If you hear the words “aramid fiber” and imagine arachnid (spider) fiber, we forgive you. It’s an easy mistake to make since there are threads and fibers made from spider silks. Spider silks have some amazing properties, but there’s another fiber that has properties that are incredible.
Carbon fiber, fiberglass, carbon nanofiber, spider silk, and aramid fibers have changed our world. But, None have the versatility and user-friendliness as aramid fibers have.
It has industrial, commercial, and general consumer applications to drool over. Aramid fiber had its start in government and military applications. It’s now penetrating all levels of society because of its usefulness.
What is aramid fiber, and what can it do for us? Keep reading to find out!
Weaving the Story of Aramid Fiber
Development using aramid started in 1965 by Stephanie Kwolek of DuPont for tires. She was able to produce Kevlar™ fiber in 1971 as a commercial product. It’s a form of aramid fiber that kicked off this whole frenzy, and it hasn’t seemed to slow down ever since.
Since that time, there are several companies with their own proprietary blends of poly- or meta-aramids. The name “aramid” comes from a portmanteau of “aromatic” and “polyamide”. Smashing words together is pretty common, such as with “Tefal™”, from “Teflon™” and “aluminum”.
After Stephanie Kwolek was able to produce an aramid like Kevlar™, other companies immediately jumped on the band-wagon. Some even entered legal disputes with DuPont. There are at least five different companies producing their own aramid fiber products globally. They are in China, Russia, the USA, and Europe.
For Stephanie’s efforts, in 1994 she was awarded induction into the National Inventors Hall of Fame. She also received the Perkins Medal and National Medal of Technology in 1999. These achievements are rare for women to get in this field.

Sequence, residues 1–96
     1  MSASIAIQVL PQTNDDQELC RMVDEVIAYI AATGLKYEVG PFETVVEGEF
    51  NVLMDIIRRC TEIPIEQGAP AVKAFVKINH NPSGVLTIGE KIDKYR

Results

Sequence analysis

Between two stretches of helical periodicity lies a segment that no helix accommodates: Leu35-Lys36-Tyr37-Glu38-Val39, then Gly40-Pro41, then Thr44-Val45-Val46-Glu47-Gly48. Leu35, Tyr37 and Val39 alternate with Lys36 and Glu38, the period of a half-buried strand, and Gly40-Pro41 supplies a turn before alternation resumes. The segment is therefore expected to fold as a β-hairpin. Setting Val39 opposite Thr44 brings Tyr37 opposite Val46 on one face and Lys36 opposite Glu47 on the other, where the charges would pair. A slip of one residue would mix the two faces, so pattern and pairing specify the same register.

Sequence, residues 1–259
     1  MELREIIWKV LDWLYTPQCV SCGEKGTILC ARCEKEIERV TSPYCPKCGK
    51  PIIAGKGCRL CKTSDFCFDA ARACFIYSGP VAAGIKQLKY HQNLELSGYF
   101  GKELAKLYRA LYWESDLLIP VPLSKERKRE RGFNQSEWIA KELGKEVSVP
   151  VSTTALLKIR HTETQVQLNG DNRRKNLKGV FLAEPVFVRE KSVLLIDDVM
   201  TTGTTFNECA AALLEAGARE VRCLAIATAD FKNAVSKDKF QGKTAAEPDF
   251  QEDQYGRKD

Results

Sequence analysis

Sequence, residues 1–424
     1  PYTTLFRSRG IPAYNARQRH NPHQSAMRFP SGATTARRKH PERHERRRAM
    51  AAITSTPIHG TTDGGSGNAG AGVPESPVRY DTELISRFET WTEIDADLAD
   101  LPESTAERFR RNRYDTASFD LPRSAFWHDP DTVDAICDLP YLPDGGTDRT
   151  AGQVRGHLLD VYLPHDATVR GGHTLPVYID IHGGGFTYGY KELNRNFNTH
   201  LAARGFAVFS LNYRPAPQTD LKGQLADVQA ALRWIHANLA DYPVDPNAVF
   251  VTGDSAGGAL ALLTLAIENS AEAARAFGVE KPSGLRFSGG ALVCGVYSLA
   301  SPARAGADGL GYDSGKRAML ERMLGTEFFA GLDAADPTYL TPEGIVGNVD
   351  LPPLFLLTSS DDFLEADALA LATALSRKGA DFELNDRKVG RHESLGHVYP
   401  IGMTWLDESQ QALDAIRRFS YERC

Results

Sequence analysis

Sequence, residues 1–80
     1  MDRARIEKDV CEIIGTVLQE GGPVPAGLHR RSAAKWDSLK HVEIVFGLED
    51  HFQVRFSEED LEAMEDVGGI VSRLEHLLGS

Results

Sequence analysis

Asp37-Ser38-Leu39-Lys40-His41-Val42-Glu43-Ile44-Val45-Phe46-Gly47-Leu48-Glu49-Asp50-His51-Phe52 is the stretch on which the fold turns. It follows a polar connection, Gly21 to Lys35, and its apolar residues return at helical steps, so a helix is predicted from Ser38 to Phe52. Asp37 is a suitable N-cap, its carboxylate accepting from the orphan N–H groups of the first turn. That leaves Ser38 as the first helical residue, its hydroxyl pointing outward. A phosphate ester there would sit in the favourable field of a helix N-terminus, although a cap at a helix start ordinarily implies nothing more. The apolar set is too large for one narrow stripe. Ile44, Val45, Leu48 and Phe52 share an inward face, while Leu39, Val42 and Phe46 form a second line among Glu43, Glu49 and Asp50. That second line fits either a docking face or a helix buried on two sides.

DuPont got to lead the market for decades to come, producing many different products. These include law enforcement, military, and civilian products.
What It Can Do
Since the introduction of Nomex™ by Dupont, even before Kevlar™, aramids have amazed the world with their capability to stop a bullet. But that’s not all they do!
Aramid fibers are famous and highly prized for their high-temperature qualities. In some situations, they’re able to stay stable all the way up to 500° C or almost 1000° F.
A little-less-known fact is that they are also excellent electrical insulators. You can also use it as an electrical conductor under special circumstances.
Aramid fibers have stable chemical bonds. This makes it very resistant to organic solvents. One reason it was so difficult for Stephanie Kwolek to produce the thread is that it won’t dissolve easily.
Aramid fibers are strong, flexible, and a little stretchy. This means you can make it into a soft fabric. All this makes for a great fabric causing no skin reaction or contact dermatitis.
Contrast this with carbon fiber, carbon nanofiber, and fiberglass. You must handle all these with care and protective equipment in raw form.